A key reason for this confident growth is the intention of authorities to provide the growth of real wages. Some private companies that face a lack of skilled labour (due to labour outflow to Russia and other countries, amongst other reasons) contribute to the upward dynamics of wages as well. Such firms have to provide competitive wages despite losing the competitiveness of their products. Through this in April, real wages grew somehow (both on an annual and monthly seasonally adjusted basis) despite weakening growth and a deteriorating external environment.
Another major component of domestic demand – capital investments – displays volatile dynamics. After substantial growth in the beginning of the year, it has become much more modest in recent months. In May, it grew only by 4.6% year-on-year. This instability stems from the lack of financial resources for investments, while the government seeks potential options to spur the growth of investments.
So the domestic demand is growing, but nominal restraints after the currency crisis of 2011 has narrowed the effectiveness of its stimulation. Furthermore, its expansionary policy is tending to become more and more dangerous against a backdrop of deteriorating external environment. Given the reduction of external demand due to weakening growth in Russia and non-favourable environment at EU markets, such policy will lead to a further deterioration of net exports: first, through an additional demand for imports; second, through higher real unit labour cost, i.e. less competitiveness. Hence, in April merchandise the trade deficit increased almost tripled in comparison to March and reached $293.9m.
The cyclical slowdown of GDP has nothing to do with the effect of a high statistical base of the previous year (which takes place due to extra export revenues from ‘thinners and solvents business’ in the first half of 2012). From the production side, all the industries of the economy contributed to the downturn of GDP growth.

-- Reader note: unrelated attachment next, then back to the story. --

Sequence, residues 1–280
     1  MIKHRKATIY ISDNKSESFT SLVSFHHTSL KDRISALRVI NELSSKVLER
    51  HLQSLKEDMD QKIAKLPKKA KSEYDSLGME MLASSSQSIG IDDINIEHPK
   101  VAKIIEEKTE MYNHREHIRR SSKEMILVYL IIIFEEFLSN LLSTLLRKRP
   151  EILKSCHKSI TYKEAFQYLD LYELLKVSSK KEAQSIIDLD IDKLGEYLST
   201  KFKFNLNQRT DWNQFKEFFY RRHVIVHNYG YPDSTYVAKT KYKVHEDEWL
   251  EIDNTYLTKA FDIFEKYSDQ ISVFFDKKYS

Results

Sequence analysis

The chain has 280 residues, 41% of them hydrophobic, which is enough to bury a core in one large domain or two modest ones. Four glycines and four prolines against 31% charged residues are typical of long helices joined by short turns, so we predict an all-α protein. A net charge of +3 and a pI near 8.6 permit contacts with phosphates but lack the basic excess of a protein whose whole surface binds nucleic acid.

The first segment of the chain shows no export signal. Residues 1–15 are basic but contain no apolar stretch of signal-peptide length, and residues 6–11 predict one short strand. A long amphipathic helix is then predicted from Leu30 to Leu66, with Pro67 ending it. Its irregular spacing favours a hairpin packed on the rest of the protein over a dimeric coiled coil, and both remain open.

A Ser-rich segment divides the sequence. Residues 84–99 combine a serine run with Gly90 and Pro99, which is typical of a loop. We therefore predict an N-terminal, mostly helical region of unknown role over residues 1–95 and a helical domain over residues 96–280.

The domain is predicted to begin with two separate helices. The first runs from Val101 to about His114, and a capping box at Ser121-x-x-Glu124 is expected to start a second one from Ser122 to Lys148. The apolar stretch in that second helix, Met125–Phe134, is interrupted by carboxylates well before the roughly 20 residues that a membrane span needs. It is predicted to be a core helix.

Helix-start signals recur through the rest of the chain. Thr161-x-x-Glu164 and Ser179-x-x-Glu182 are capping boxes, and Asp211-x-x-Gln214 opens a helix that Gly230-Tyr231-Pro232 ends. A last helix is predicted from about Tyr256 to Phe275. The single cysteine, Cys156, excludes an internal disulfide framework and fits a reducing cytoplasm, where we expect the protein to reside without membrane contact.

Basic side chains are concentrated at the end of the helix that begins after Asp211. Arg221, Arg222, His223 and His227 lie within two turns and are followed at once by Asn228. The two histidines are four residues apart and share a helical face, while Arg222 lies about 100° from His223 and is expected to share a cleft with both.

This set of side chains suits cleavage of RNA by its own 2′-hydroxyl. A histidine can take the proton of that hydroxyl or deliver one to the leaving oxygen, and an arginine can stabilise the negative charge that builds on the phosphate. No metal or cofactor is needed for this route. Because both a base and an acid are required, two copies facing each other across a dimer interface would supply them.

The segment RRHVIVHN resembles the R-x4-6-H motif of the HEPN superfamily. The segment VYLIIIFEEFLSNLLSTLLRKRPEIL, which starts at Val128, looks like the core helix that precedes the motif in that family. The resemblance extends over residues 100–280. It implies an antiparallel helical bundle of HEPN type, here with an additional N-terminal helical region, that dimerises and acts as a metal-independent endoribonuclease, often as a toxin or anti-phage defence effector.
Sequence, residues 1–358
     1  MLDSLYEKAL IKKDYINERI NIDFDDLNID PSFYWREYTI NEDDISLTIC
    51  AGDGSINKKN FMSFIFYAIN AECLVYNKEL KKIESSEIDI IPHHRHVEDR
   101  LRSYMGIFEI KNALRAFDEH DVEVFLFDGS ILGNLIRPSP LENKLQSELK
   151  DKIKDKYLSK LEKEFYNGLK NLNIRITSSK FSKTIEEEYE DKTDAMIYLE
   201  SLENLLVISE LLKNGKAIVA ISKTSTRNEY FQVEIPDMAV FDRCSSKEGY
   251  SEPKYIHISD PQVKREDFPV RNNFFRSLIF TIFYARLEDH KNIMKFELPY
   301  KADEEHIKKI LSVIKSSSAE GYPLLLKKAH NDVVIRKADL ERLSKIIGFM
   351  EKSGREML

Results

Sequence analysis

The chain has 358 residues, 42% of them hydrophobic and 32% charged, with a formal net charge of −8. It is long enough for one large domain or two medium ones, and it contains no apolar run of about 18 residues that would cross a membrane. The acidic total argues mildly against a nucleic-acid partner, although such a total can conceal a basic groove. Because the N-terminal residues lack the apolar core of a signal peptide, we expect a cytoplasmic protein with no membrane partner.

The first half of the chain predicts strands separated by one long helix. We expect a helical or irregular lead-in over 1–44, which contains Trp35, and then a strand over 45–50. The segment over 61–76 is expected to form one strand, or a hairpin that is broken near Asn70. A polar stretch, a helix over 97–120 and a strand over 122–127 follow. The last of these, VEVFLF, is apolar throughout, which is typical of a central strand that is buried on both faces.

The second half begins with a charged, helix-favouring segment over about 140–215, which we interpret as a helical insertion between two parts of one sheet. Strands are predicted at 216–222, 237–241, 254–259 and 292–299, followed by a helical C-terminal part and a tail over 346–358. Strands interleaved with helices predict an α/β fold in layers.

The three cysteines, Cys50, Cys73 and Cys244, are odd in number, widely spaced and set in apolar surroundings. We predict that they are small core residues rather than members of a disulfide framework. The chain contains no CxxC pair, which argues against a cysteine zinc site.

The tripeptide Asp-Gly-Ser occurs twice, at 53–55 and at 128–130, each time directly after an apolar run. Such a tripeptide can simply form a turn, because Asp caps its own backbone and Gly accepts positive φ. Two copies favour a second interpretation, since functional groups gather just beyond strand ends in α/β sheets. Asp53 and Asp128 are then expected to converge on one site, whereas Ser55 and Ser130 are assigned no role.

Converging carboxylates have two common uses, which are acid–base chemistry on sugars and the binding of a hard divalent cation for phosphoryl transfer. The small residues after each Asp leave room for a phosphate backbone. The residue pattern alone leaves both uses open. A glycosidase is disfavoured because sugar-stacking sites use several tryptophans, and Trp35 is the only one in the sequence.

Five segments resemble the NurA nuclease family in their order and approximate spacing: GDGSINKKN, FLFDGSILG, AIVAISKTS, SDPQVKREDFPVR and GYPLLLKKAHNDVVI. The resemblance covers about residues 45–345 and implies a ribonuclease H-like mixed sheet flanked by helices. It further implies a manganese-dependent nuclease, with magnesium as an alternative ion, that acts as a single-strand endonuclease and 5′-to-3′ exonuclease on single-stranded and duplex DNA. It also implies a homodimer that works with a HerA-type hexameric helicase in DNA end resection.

For instance, trade – which contributed to GDP growth between January and April mostly – has shown decrease of the growth rate. Another growing industry – agriculture – faced growth downturn as well. All other industries, including manufacturing, demonstrated downward trends well, which however, is more concerning, as in their case the slowdown deepened rather the growth went down.
The branches of manufacturing displayed either downward dynamics, or just a slightly narrowed slowdown in their output. Production of machines and equipment and production of non-metal mineral products were two lucky exceptions from the common trend, as they succeeded to strengthen the growth rate of their output, although rather modestly. Finally, the gross value added (the output in basic prices) fell by 0.1% year-on-year.
Hence, net taxes on products were the item that made growth rate of GDP positive. The latter effect takes place at the background of deteriorating net exports, as more imports increases the tax base for VAT.